Crashing a military plane

How much trouble would military pilot be in for showboating and then crashing a jet or helicopter? Don’t these things cost about 60 million dollars?

What would be the standard punishment? Link to video example:

I am not a military officer myself although my stepfather was a Naval Officer that piloted large ships and I went through partial ROTC. I have been told that even an unintentional event like grounding a ship or crashing a plane through negligence is generally career ending for an officer. Showboating followed by a crash is grounds for a Court Martial with potential military prison time as well.

Top Gun was not a documentary. Many of the things presented in it (buzzing the tower, flying too close to foreign pilots and much more) are strictly forbidden in the real-world Navy and would result in dire consequences for those involved. For example, Chuck Yeager of “breaking the sound barrier fame” almost got kicked out of the Air Force because some men under his command got drunk and damaged items like a jukebox in a bar even though they paid for the damages themselves. That is obviously a whole lot less than crashing an incredibly expensive helicopter through sheer stupidity.

There was the Cavalese disaster. Twenty people died when a U.S. military aircraft, flying too low, cut a cable-car cable. The pilot and navigator were tried, but found not guilty, of involuntary manslaughter and negligent homicide. Later they were convicted to obstruction of justice and conduct unbecoming officers and gentlemen.

Both were dismissed from the service. The pilot got a six month prison stretch, of which he served four and a half months, then released for good behavior.

The Italian people and government were pretty angry…

Dunno if this actually answers the question, but it is what happened in one specific instance.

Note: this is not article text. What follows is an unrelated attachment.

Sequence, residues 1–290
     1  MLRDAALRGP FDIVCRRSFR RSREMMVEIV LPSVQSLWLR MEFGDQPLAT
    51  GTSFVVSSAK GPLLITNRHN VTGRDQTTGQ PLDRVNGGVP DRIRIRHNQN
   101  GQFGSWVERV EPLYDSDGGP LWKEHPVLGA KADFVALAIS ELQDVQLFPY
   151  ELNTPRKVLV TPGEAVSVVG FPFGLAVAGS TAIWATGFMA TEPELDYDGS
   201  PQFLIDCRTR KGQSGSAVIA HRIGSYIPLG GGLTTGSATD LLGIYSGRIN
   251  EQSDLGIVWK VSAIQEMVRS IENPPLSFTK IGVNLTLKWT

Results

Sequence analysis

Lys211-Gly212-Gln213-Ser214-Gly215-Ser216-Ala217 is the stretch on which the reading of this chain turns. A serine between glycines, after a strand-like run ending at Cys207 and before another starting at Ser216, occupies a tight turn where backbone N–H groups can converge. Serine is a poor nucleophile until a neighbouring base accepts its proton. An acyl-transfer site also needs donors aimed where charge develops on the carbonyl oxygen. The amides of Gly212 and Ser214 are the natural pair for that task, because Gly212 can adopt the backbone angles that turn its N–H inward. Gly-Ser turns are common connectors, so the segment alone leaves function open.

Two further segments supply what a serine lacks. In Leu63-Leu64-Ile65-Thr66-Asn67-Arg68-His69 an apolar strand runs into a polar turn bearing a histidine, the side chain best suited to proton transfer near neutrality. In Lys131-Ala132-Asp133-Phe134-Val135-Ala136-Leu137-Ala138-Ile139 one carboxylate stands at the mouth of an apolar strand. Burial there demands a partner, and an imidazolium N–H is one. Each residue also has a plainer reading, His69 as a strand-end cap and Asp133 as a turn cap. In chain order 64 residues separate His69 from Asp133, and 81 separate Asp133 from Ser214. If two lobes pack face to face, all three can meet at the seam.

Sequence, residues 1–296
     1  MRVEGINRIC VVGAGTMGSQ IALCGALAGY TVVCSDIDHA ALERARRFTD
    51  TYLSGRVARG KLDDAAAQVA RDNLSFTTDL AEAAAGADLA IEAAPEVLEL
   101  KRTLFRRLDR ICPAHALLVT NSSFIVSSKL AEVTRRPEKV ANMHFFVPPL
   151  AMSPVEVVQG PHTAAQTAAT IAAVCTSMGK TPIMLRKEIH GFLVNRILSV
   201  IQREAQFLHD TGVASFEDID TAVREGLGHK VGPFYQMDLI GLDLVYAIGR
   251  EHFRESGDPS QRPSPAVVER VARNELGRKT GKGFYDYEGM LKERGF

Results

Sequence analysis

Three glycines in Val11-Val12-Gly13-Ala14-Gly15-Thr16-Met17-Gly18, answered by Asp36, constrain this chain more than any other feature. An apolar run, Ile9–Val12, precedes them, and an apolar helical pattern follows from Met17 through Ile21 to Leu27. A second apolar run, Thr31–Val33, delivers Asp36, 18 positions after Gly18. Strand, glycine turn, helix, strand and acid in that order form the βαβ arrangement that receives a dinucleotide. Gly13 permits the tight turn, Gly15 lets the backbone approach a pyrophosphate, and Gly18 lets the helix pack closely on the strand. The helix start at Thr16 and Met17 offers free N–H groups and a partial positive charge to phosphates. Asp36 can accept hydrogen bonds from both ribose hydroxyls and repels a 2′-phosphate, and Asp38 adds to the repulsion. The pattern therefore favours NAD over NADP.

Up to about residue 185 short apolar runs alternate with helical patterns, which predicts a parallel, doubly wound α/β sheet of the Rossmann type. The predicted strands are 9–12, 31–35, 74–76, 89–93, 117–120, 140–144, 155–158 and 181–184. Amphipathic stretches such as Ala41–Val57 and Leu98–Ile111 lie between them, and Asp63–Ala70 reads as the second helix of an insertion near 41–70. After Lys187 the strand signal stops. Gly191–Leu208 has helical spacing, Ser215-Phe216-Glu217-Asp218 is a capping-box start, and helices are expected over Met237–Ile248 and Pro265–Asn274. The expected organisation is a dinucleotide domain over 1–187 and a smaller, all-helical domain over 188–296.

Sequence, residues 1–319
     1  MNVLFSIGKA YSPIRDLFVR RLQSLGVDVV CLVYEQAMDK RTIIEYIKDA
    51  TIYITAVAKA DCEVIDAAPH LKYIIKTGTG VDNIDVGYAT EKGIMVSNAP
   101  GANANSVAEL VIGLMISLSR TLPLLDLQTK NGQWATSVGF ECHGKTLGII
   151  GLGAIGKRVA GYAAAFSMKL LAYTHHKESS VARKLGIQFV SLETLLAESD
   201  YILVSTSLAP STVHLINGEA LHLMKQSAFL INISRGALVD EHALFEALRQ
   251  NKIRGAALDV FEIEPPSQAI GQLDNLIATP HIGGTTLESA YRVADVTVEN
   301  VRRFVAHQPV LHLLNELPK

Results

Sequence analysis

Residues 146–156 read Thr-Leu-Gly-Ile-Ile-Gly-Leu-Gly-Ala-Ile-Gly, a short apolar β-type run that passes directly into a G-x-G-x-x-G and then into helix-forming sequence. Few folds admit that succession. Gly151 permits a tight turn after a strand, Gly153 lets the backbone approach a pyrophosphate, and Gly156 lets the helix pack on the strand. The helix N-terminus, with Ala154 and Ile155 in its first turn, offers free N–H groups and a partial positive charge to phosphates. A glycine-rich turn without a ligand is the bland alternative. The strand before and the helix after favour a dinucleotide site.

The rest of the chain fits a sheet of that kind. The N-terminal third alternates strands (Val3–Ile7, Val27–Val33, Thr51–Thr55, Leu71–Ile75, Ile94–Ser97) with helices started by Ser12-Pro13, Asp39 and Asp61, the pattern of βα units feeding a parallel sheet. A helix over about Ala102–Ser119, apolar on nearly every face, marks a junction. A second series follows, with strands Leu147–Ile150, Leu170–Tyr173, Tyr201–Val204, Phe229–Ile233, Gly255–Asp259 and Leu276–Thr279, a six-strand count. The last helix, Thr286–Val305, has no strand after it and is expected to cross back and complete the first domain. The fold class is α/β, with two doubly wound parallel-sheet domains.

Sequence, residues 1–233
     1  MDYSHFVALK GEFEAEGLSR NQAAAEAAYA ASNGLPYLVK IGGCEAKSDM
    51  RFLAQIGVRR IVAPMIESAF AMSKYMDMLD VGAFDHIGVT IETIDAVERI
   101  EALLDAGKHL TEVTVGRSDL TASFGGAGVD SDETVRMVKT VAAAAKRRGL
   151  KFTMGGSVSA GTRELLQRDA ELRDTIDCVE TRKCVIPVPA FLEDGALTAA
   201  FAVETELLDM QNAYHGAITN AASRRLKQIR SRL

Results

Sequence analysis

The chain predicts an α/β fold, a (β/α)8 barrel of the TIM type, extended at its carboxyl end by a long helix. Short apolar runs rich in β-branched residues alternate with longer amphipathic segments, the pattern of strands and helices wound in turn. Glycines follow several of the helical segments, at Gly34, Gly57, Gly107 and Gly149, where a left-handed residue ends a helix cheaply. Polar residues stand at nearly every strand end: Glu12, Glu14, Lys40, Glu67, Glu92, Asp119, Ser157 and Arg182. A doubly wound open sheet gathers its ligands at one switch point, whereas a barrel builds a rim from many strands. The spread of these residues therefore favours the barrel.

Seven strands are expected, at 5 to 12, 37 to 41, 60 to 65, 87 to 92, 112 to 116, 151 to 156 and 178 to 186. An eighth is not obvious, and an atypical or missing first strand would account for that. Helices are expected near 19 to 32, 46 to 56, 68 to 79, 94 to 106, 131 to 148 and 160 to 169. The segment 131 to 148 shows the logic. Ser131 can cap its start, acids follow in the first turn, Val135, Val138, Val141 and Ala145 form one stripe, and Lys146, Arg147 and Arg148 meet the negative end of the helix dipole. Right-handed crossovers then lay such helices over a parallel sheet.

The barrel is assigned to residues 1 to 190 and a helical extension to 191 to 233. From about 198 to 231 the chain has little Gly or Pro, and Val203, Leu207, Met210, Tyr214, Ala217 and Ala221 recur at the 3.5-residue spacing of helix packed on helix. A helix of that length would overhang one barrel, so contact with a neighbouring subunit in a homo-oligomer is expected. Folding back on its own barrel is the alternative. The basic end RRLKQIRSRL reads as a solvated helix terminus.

How much trouble? Lots.

There’s probably not a “standard” punishment. Each case would be evaluated individually, and punishment adjusted for degree of culpability and amount of damage.

I served with a guy that did a barrel roll in an F-15 over the Air Force Academy football stadium during a flyby. That’s a no-no, even though there were no injuries or damage to the airplane. He got a formal reprimand that kept him from being promoted for years.

For something with serious injuries or property damage, I think prison is possible.

In the past 10 years, there have been many military pilots who have been permanently grounded, officially disciplined, and a few who have been discharged, for showboating in .mil aircraft, even when there was no damage to property (.mil or .civ). As a flight crew member in the Air Force Reserve, I was officially briefed on several of these incidents as part of our annual Crew Resource Management training.

There’s not really a “standard” punishment, but being permanently grounded is a very real threat for a .mil pilot who deliberately breaks the rules in Uncle Sam’s aircraft. Being perm-grounded in the military has consequences for a future civilian flying career as well; it would be exceedingly difficult to prove you were a qualified .mil pilot through your official flight records *and *hide the fact that you had been grounded for cause. Even if you managed to make the paper/electronic record not reflect your grounding… people talk, aviation is a small world, and it wouldn’t take long for the truth to come out.

There is, of course, the ultimate punishment for showboating lurking out there as well.

There was a Navy guy who was trying to look at some bikini clad babes on the beach and ended up crashing his helicopter into the river.

He was punished by being reassigned. To the moon!

Bud Holland somehow got away with chronic showboating for years before finally crashing his B-52 and killing everyone on board. He flew his bomber like it was a fighter plane; video of the crash is on YouTube, and you can also find video of an early series of scary high-speed, low-altitude passes he made, including one where he cleared a mountaintop by maybe ten or twenty feet. People around him pretty much knew it was just a matter of time. After the crash, there was a lengthy investigation that revealed he was never disciplined by his commanding officers, despite constant and deliberate breaking of safety rules and regulations in flight. Holland bears primary guilt for killing his fellow crew members, but Holland’s commanding officers bear their share as well.

A detailed history of Holland’s career leading up to the crash can be found here:

Darker Shades of Blue (PDF)

Note that in the Holland case one of his superiors was court marshaled for dereliction of duty in failing to reign him in.

Reading the wiki entry for that is heartbreaking. That guy was out of control.